My beloved book club chose American Wife last month, and frankly, I was a little disappointed. It was my first time hearing about Sittenfeld, and after a small investigation, I was sure I wouldn’t like this book. I took a look at the author’s other books, and they seemed like the kind of books that you would find in a nonreader’s home. So I thought I would work hard to finish this thick book and that I would hate myself and my book club for it.
However, despite all my prejudices, when I started to book, I saw that it wasn’t that bad and that it was absorbing. I guess I lowered my expectations a little too much; I read and finished the book in no time.
American Wife tells the story of George Bush’s wife, Laura Bush. First of all, this book is a novel, not a non-fiction book. Despite this, the portrait of George Bush is very close to the man himself. From a political point of view, the story is accurate. Alice Blackwell is the character based on Laura Bush, and she is our narrator. She is a kind girl, and she becomes a kind lady, but she remains a complicated person with a complicated past.
The story is quite immersive, leaving you curious and making you turn the pages. It also touches issues like racism, class and wealth.
About the book: American Wife
> Buy now at Amazon
In the year 2000, in the closest election in American history, Alice Blackwell’s husband becomes president of the United States. Their time in the White House proves to be heady, tumultuous, and controversial.
But it is Alice’s own story – that of a kind, bookish, only child born in the 1940s Midwest who comes to inhabit a life of dizzying wealth and power – that is itself remarkable. Alice candidly describes her small-town upbringing and the tragedy that shaped her identity; she recalls her early adulthood as a librarian, and her surprising courtship with the man who swept her off her feet; she tells of the crisis that almost ended their marriage; and she confides the privileges and difficulties of being first lady, a role that is uniquely cloistered and public, secretive and exposed.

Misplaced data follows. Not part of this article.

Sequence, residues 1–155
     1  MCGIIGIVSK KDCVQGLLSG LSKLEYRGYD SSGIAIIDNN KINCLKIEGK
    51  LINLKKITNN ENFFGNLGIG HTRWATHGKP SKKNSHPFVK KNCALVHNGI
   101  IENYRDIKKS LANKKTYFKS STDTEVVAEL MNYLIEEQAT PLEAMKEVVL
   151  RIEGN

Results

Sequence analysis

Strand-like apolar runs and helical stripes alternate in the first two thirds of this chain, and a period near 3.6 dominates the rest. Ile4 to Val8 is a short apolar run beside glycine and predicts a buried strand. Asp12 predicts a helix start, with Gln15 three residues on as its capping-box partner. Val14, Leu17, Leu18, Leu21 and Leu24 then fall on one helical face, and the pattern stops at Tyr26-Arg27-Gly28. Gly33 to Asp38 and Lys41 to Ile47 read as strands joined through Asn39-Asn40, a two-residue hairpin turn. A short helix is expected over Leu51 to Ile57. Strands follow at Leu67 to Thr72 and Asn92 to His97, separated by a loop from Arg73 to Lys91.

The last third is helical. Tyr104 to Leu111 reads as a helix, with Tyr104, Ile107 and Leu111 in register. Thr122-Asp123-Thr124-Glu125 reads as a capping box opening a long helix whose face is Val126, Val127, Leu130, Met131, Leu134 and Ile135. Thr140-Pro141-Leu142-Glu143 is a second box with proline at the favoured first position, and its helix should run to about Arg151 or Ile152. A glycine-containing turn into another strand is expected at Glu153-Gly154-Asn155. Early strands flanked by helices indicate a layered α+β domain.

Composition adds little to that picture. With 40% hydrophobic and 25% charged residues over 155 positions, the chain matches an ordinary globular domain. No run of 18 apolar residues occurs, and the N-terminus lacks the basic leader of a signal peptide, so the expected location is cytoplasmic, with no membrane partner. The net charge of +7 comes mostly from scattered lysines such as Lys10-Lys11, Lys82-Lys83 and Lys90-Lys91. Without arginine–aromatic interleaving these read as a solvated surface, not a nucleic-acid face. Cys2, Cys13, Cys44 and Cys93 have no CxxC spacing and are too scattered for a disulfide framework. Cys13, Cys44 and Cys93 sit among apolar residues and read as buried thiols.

In Alice Blackwell, Curtis Sittenfeld has created her most dynamic and complex heroine yet. American Wife is not a novel about politics. It is a gorgeously written novel that weaves race, class, fate and wealth into a brilliant tapestry. It is a novel in which the unexpected becomes inevitable, and the pleasures and pain of intimacy and love are laid bare.
About the author: Curtis Sittenfeld
Curtis Sittenfeld is the author of the new novel Eligible, a modern retelling of Pride and Prejudice (due out April 2016) as well as the bestselling novels Sisterland, American Wife, Prep, and The Man of My Dreams, which have been translated into twenty-five languages. Curtis’s writing has appeared in many publications, including The Atlantic, The New York Times, Vanity Fair, Time, Slate, Glamour, and on public radio’s This American Life. A graduate of Stanford University and the Iowa Writers’ Workshop, she currently lives in St. Louis, MO.